In 2009, the Washington State Legislature passed the Zackery Lystedt law, named after a boy whose life was dramatically altered by a concussion sustained in a football game. The Lystedt law requires schools and the Washington Interscholastic Activities Association (WIAA) to develop information and forms to educate coaches, parents, and young athletes about the risks of concussion and head injury, and to develop guidelines for the management of concussion and head injury. Schools must distribute information to parents and young athletes at least annually, but there is no similar requirement for non-school athletic programs, and many participants in non-school athletic programs are not adequately trained and do not have adequate policies in place to manage concussion and head injury.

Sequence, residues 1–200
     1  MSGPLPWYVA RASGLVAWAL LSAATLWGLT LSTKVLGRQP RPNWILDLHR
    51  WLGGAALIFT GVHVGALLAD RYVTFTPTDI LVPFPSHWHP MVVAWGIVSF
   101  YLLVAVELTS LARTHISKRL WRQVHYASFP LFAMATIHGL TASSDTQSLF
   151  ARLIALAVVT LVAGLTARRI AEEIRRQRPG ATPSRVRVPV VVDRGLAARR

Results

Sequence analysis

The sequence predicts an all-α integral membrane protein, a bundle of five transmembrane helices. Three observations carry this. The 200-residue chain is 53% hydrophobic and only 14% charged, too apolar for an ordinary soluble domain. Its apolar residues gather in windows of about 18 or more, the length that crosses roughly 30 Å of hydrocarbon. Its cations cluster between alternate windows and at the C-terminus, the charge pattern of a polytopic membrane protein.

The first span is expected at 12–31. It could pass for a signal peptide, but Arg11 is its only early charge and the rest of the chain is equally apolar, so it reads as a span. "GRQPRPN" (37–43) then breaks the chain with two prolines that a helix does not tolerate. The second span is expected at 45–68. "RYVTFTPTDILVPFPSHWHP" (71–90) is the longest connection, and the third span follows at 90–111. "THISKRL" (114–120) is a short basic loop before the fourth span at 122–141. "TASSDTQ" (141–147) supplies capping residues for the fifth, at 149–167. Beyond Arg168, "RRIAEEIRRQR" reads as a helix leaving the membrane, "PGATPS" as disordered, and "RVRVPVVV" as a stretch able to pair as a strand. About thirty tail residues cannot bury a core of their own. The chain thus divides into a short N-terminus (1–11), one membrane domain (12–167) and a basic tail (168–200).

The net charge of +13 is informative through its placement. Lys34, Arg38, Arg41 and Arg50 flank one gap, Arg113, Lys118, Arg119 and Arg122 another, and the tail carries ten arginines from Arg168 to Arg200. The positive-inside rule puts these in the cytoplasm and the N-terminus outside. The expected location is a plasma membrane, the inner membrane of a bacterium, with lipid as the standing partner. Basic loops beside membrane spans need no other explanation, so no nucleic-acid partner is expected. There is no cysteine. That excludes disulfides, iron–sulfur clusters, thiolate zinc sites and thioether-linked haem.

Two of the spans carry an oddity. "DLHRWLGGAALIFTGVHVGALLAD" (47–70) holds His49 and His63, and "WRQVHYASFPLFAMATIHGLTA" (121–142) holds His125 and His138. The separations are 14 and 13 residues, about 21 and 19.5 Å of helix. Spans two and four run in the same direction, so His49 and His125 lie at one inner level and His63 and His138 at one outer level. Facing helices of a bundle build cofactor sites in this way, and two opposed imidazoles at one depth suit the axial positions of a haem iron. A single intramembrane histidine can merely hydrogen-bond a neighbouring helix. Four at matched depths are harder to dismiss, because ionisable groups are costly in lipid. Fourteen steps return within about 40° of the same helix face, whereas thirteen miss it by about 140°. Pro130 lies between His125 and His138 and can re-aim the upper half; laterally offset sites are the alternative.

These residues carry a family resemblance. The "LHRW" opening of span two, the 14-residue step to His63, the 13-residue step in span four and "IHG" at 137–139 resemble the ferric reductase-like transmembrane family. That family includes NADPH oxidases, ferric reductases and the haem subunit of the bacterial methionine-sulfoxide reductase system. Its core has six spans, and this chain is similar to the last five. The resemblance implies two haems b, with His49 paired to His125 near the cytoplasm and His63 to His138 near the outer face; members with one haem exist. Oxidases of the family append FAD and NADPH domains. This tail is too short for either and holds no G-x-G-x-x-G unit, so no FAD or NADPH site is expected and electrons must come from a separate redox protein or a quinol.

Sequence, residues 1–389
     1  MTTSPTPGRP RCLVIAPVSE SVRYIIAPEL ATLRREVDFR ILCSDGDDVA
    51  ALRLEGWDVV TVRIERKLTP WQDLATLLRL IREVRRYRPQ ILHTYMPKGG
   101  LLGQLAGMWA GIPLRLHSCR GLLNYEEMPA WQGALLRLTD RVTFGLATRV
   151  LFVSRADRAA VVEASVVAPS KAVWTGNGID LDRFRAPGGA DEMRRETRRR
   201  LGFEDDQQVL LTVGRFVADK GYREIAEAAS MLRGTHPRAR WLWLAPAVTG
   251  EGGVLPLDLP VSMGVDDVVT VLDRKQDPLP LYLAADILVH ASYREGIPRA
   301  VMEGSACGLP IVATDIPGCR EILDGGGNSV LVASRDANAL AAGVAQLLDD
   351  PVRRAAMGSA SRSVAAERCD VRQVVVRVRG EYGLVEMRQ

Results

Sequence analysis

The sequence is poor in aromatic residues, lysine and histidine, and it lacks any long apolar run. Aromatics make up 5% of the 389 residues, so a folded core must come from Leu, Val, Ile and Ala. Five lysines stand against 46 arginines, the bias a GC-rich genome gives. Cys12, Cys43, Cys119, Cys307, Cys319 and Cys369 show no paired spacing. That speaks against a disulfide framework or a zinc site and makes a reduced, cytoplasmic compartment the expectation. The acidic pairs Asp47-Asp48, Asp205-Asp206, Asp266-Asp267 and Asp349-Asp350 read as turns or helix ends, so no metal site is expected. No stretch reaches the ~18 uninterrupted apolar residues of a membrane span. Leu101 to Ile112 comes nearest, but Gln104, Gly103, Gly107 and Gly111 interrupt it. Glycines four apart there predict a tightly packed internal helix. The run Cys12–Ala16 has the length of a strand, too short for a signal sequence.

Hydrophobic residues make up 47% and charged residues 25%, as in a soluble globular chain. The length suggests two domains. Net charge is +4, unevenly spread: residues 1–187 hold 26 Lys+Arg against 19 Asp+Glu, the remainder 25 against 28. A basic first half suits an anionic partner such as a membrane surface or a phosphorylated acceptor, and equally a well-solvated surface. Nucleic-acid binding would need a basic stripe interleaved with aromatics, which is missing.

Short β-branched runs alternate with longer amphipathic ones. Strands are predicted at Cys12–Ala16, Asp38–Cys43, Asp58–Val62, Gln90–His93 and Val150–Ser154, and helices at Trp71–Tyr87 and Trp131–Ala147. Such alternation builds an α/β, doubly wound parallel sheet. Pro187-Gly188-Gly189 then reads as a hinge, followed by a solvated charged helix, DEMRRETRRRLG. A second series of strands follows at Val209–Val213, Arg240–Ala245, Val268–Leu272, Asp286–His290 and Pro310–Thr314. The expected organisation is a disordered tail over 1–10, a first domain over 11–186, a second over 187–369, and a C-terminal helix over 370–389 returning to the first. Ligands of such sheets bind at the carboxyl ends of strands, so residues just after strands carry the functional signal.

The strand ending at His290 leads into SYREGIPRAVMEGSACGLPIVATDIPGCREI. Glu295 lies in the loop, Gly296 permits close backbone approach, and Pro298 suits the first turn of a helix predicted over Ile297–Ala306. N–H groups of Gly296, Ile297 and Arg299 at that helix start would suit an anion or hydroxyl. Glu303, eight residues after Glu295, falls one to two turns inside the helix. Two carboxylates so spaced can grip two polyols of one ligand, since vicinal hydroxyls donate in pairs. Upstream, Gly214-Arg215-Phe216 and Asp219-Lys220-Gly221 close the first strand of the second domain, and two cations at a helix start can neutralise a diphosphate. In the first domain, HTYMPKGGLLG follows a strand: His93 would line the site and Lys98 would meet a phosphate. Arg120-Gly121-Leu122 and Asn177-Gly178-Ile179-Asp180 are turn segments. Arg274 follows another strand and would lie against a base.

Arbitration refers to a non-judicial process where a neutral person is selected to make a binding resolution of a legal dispute. When the parties voluntarily agree to arbitrate a dispute after it arises, arbitration can provide a relatively low cost and quick way to resolve the disputes. However, more and more companies are forcing arbitration agreements on employees and consumers as a condition of taking a job or providing goods and services. These pre-dispute arbitration agreements are often included in the fine print of employee handbooks, contracts for cell phones, credit cards and other consumer goods, investment and retirement account agreements, contracts to build or remodel a home, and even admission packets for nursing homes, to name just a few examples.